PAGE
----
Federal Reserve officials focused on the impact of potential fiscal stimulus during their December policy meeting, with many starting to worry that the central bank might eventually be forced to quicken the pace of interest-rate increases to head off higher inflation.
Almost all the participants “indicated that the upside risks to their forecasts for economic growth had increased as a result of prospects for more expansionary fiscal policies in coming years,” read the minutes of the Dec. 13-14 meeting of the Federal Open Market Committee, released Wednesday in Washington.
Despite growing attention to the risks of increased government spending and tax cuts spurring faster growth than currently forecast, most on the committee reiterated that a “gradual” pace of rate hikes over the coming years would likely remain appropriate.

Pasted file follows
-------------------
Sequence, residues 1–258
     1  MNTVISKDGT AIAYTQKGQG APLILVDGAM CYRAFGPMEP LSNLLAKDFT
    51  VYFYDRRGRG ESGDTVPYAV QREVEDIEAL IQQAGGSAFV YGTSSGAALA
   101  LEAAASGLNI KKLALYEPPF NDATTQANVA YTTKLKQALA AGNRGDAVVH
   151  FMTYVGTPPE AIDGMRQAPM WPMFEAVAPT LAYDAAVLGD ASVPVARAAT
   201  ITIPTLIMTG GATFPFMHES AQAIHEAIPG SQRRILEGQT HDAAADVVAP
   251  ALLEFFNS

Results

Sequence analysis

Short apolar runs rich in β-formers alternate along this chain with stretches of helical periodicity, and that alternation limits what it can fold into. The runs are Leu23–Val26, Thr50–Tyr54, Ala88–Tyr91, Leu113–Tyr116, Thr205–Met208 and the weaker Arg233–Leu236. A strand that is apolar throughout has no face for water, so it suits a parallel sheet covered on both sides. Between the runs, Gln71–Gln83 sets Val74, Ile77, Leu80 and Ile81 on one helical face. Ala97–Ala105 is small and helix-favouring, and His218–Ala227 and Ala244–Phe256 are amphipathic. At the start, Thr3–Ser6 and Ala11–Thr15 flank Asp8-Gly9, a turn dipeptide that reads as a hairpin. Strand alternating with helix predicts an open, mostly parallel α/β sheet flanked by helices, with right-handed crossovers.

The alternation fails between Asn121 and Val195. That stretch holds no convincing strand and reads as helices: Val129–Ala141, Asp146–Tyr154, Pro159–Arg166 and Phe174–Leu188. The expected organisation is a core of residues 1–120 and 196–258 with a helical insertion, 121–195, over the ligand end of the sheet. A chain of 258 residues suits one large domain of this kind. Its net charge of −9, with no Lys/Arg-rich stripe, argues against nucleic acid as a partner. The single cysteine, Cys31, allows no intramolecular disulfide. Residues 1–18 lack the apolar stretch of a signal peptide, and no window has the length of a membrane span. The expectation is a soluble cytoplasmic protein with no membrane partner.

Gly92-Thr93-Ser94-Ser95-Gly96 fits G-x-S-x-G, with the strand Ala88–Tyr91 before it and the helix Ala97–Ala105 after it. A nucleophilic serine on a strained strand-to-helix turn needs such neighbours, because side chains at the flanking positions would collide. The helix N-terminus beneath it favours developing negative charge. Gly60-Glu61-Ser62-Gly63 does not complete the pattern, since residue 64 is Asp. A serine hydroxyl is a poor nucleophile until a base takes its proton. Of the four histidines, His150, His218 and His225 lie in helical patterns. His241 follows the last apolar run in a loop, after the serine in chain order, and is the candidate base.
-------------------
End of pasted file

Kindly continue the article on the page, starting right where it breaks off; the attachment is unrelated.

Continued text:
“There’s nothing here to radically change our view of where the Fed is likely to go. I still think the most reasonable base case for the next rate hike is June,” said Dean Maki, chief economist at Point72 Asset Management LP in Stamford, Connecticut.
Traders see a rate hike by June as highly likely, according to prices of federal funds futures, which were little changed after the minutes were released.
The S&P 500 Index extended gains and the Bloomberg Dollar Index pared some of the day’s losses. Yields on 10-year Treasuries were little changed at 2.45 percent.
The minutes of the session, at which officials raised their benchmark lending rate by a quarter percentage point, showed that uncertainties over future fiscal policies weighed heavily in their discussion of the economy and the future path of monetary policy.
President-elect Donald Trump promised higher spending on infrastructure, tax cuts and regulatory reform during his campaign, but has offered few new details of his policy goals since winning the Nov. 8 election. His inauguration is set for Jan. 20.
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